Paper No. 16
Presentation Time: 4:45 PM
KIRTLEY MATHER'S SOURCEBOOKS OF GEOLOGY 1400-1900 (1939) AND 1900-1950 (1967)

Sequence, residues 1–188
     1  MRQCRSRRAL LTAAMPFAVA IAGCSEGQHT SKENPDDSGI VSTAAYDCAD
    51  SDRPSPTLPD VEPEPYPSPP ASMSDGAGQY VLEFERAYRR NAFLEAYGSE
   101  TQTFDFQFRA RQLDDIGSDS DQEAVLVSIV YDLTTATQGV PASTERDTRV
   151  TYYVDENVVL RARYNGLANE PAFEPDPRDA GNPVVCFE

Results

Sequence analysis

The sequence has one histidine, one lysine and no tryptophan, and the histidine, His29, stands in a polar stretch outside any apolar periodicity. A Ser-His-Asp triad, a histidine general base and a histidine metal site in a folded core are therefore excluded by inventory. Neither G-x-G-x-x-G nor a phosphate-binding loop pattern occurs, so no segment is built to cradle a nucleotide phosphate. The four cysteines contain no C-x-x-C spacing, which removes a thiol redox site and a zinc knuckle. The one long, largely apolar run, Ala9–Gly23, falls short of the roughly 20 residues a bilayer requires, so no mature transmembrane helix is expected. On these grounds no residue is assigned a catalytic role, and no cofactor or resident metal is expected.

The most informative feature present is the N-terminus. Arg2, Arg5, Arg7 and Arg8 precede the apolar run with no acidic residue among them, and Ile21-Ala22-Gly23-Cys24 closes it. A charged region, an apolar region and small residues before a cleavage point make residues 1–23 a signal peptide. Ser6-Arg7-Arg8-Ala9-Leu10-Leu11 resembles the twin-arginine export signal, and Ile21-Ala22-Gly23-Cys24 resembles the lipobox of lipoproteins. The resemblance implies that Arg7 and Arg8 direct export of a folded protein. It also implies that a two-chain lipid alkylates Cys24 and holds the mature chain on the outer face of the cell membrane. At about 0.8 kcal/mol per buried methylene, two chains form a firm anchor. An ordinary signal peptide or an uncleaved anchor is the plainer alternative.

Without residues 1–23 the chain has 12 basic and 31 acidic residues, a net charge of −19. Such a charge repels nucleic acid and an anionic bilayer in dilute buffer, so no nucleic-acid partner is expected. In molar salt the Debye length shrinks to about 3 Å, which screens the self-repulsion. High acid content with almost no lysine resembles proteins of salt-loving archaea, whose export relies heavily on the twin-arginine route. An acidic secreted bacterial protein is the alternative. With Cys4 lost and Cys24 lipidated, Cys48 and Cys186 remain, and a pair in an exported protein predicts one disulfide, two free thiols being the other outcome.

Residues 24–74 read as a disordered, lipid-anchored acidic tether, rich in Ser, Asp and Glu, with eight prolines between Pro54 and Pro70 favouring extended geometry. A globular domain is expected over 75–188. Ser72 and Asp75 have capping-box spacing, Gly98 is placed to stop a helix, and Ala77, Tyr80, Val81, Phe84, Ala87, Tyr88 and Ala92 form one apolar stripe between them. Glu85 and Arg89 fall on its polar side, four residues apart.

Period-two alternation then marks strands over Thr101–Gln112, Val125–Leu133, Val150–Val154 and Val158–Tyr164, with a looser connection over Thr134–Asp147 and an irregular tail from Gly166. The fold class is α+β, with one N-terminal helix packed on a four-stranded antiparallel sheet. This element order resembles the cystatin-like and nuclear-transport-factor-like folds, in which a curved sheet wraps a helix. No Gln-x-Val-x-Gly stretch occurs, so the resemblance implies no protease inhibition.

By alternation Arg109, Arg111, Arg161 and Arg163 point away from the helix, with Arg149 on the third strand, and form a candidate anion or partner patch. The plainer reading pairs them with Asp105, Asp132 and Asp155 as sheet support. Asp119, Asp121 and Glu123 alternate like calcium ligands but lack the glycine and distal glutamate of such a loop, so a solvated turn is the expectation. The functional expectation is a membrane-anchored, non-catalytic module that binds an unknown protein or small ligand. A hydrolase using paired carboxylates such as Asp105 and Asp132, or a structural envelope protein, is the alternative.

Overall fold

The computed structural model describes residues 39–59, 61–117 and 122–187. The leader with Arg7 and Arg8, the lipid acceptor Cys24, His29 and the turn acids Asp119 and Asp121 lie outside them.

Sourcebooks provide bibliographical materials relating to many of the leading figures in the history of science and insights into how the individuals’ works were integrated into the discipline at the time of publication and thereafter. The Sourcebook series began in the 1920s among philosophers, historians, and scientists. According to Kennard Bork's biography (1994), Kirtley Mather (1888-1978) had been using historical materials in teaching geology at Harvard for some years before he was recruited to do the Sourcebook on Geology (1939) covering 1400 to 1900. His coeditor, Shirley Mason, a Houston oilman, had been a Mather student and was a full partner in the work. They canvassed about 125 colleagues for ideas on what to include, and selected 182 excerpts in the 702 page book. All entries were skillfully translated into English. Bork argues that this book helped define the field of history of geology, although Mather and Mason cite Karl von Zittel's and other earlier histories as important too. The second Sourcebook in Geology, published in 1967 (435 pages), covered the period 1900-1950 and was Mather's alone, although he again solicited ideas from over 100 colleagues. This book was more problematic. It omitted paleontology, including the "modern synthesis" with genetics, at the insistence of the Sourcebook general editor. But Mather himself decided to slight continental drift. Wegener is mentioned only twice, and then only as citations in the works of others, once in connection with climate and a second with respect to Greenland. Mather did include excerpts from several papers that tangentially relate to drift, namely David Griggs' paper (1940) and Vening-Meinesz (1947) but he cites Arthur Holmes only in several footnotes and none with respect to Holmes’ early thoughts about mantle convection currents as a mechanism for continental drift. Following the period covered by the 1900-1950 Sourcebook, Mather did accept plate tectonics (per. com., K. Bork).